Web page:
#3 – PMI Will Introduce New Agile Certifications

In addition to adding the 5 existing DA certifications and PMI-ACP, PMI could launch a whole series of related certifications. Using the Lean Startup approach, they could begin to pepper the market with more agile certifications to highlight some of the components of DA like Agile Modeling, Business Analysis or even Testing.

#4 – PMI Will Incorporate DA into the 7th Edition of the PMBOK Guide, and Call it the Encyclopedia of Everything

Alternatively, PMI could incorporate DA into the upcoming 7th Edition of the PMBOK, which is forecast for 2021. The current printed PMBOK Guide is listed at 762 pages so adding the 400 pages of the DA could push the document over the 1,000-page mark. Wow, then it truly would incorporate everything! It would need to be sold with a dolly to be able to move it from room to room.

dolly to move your 7th edition pmbok guide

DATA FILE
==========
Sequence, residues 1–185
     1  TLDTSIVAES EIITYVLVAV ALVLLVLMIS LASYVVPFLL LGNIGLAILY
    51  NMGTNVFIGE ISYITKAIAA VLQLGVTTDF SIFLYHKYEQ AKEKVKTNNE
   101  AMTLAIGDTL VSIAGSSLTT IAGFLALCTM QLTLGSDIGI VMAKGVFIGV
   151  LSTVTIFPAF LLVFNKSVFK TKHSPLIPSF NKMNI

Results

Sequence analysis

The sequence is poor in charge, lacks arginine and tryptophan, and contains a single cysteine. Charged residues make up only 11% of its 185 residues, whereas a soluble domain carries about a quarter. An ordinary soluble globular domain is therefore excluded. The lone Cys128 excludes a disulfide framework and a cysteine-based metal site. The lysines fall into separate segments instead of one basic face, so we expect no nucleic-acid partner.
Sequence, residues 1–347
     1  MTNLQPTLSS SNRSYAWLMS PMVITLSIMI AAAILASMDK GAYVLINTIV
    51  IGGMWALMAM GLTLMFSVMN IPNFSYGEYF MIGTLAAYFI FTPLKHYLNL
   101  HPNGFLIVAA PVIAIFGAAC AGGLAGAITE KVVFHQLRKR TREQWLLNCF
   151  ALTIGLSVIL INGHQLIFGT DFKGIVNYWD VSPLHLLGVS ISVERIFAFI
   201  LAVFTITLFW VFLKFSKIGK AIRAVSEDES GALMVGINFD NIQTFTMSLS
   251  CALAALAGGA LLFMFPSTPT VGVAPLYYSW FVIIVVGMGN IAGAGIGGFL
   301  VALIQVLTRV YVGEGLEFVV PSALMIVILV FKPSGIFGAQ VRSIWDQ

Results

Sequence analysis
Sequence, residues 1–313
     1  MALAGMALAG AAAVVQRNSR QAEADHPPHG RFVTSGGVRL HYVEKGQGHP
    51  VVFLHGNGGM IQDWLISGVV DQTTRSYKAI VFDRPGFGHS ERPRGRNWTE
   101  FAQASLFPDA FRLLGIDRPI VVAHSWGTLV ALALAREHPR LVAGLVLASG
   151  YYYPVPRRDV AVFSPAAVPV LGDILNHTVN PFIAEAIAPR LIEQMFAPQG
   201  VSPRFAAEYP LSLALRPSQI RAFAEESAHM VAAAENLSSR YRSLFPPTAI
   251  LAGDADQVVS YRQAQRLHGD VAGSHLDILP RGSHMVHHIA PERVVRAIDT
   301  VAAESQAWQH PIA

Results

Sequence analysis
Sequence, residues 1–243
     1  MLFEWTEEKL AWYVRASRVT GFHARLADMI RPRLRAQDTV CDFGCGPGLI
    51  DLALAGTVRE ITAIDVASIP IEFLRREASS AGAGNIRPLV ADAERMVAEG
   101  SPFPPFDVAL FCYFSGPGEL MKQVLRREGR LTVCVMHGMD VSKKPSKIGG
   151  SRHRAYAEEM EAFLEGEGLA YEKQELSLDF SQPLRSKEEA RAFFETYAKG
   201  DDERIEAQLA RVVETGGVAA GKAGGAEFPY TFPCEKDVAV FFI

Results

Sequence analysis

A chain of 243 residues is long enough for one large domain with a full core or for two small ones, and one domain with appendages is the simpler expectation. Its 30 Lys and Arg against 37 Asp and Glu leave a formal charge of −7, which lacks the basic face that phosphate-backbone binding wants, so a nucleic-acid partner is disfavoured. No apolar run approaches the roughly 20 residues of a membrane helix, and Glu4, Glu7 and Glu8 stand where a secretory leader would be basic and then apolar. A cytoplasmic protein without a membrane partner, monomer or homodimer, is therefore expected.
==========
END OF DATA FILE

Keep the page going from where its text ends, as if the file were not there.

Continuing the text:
And to me, that would be a problem. Yes, we have everything and you can pick and choose, a la carte what you want. Want to use Traditional/waterfall? it is in there. Hybrid approaches? Oh Yeah, you better believe Hybrid is in there.

And that is really one of the problems as I see it. The ability to make it up as you go might result in something good, but it also might result in doing the same things you’ve always done and calling it agile. And that is bad for all of us.

#5 – PMI Will Rebrand as The Methodology Institute

One criticism I’ve had for a long time is that the very nature and world view of PMI is projects, and that in fact, there is more to work than ‘unique initiatives with a start and finish date’.